Less-invasive biopsy option available to check for lung cancer
Posted February 1, 2012
Pinehurst, N.C. — Two years ago, Brenda Smith had a CT scan, which revealed something unusual in her chest. Further tests at FirstHealth Moore Regional Hospital revealed growth on her lungs.
Scans can find suspicious areas where cancer may be present, but a biopsy is needed to check the nodes for cancer and determine how far it has spread, FirstHealth pulmonologist Dr. Michael Pritchett said.
A surgical approach requires general anesthesia and hospitalization, but an endoscopic bronchial ultrasound uses only mild sedation, the same used for colonoscopies.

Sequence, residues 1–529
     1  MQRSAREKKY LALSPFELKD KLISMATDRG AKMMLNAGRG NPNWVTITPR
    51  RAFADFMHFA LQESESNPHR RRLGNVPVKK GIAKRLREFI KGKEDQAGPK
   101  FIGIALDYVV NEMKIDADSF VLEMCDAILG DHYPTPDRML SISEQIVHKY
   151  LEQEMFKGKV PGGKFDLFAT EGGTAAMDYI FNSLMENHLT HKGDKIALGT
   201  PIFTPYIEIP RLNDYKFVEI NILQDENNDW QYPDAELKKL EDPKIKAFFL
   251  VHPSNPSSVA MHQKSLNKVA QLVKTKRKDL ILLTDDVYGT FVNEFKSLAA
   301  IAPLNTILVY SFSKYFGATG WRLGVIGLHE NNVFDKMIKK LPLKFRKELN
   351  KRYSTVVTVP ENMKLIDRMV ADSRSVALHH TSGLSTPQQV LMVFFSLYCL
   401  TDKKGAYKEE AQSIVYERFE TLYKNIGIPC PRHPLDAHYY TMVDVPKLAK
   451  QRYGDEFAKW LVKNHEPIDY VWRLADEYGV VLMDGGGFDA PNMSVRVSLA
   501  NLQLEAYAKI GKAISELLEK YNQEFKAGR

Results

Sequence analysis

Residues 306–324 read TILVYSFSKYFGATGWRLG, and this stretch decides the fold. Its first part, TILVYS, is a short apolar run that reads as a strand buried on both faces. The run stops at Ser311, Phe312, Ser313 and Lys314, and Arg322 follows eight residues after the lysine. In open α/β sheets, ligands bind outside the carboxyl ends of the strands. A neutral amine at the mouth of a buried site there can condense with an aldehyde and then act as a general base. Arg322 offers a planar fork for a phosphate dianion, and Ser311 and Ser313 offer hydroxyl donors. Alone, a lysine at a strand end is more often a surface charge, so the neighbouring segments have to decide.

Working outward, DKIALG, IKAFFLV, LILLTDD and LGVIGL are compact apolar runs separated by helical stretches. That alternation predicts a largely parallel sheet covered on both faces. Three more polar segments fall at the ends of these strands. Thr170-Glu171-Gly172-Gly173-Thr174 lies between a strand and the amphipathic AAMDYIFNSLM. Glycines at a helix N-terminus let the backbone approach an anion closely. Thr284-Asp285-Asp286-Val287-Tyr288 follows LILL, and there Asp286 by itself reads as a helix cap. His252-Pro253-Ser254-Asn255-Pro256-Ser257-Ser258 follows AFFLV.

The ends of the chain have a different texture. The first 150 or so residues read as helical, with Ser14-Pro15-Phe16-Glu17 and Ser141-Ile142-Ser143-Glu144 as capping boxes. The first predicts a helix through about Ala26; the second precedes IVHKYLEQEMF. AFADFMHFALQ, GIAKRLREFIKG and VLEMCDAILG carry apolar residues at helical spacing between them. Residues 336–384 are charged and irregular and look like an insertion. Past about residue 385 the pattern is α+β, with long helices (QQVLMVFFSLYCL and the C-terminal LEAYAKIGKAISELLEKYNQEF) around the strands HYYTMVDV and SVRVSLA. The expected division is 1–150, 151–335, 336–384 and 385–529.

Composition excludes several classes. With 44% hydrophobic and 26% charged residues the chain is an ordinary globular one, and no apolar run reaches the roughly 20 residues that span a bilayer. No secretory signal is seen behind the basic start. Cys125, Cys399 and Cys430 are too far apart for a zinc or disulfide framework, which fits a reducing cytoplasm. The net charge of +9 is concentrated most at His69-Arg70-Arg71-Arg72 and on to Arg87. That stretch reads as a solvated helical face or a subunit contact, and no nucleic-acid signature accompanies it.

"A less-invasive fashion is much safer for them, and it's more accurate," Pritchett said.
The endoscopic bronchial ultrasound is also a better approach than surgery because it can reach more lymph nodes deeper in the chest, he said. Another endoscopic procedure goes down the esophagus to biopsy lymph nodes further down the chest. Often, the two procedures can be done in the same visit.
In the same operating room, a team can take the lymph node tissue and determine if it's cancerous.
The results were a big relief for Smith, who was diagnosed with the lung disease sarcoidosis. She had no symptoms, and Pritchett recommended only annual exams.
The endobronchial ultrasound equipment was made and purchased by the Foundation of FirstHealth.